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Editorial |

DNA Plasmid Vaccination for Multiple Sclerosis

Olaf Stüve, MD, PhD; Todd N. Eagar, PhD; Elliot M. Frohman, MD, PhD; Petra D. Cravens, PhD
Arch Neurol. 2007;64(10):1385-1386. doi:10.1001/archneur.64.10.1385.
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In this issue of the Archives, Bar-Or and coworkers1 report on a successful attempt to induce antigen-specific tolerance with a DNA encoding myelin basic protein (MBP) vaccine in patients with multiple sclerosis (MS). Two questions immediately arise: (1) why vaccinate patients with MS with a self antigen, and (2) why use a DNA plasmid vaccine?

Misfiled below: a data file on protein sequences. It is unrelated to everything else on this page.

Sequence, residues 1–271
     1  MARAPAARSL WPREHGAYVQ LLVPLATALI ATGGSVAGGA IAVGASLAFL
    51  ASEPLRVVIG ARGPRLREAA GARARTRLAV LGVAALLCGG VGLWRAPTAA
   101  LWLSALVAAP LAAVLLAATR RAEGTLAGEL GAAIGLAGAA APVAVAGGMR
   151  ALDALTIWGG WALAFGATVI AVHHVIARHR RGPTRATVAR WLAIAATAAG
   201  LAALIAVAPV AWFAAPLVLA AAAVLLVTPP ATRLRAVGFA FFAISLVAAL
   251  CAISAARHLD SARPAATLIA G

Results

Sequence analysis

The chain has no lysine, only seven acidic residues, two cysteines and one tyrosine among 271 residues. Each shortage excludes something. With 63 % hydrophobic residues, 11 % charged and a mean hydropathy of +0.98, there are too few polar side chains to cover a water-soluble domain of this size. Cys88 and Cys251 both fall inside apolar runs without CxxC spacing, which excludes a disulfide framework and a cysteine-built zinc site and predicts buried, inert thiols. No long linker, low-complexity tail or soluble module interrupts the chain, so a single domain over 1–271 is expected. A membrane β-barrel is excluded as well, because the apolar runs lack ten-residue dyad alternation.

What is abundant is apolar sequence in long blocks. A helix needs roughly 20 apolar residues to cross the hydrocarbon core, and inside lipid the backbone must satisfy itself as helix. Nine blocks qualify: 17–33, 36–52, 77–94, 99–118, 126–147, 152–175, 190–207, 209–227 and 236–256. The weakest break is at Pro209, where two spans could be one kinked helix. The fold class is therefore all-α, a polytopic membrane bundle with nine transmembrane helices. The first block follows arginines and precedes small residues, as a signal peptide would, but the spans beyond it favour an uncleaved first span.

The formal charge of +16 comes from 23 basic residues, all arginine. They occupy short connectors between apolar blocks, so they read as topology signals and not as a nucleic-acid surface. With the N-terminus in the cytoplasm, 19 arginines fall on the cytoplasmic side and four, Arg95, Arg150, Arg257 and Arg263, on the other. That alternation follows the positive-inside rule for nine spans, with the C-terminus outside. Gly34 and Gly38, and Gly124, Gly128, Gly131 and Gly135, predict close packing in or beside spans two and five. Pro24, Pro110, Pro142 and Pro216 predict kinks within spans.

Multiple sclerosis is the most common inflammatory, demyelinating, and neurodegenerative disorder of the central nervous system (CNS) in humans. A pathological hallmark of MS is the infiltration of leukocytes into the brain and spinal cord. Not surprisingly, controlling the migration of T cells, B cells, and other immunocompetent myeloid cells into the brain and spinal cord has been a major target of drug development over the last 15 years. Substantial evidence for the role of myelin-specific T cells in CNS demyelinating disorders has been derived from investigations of experimental autoimmune encephalomyelitis (EAE), the archetypal model for MS.2 Specifically, activated CD4+ T cells that recognize one of several myelin antigens mediate EAE, causing relapsing paralysis and CNS inflammation. Given this knowledge, why would an immunization with a CNS autoantigen possibly be a good treatment strategy?

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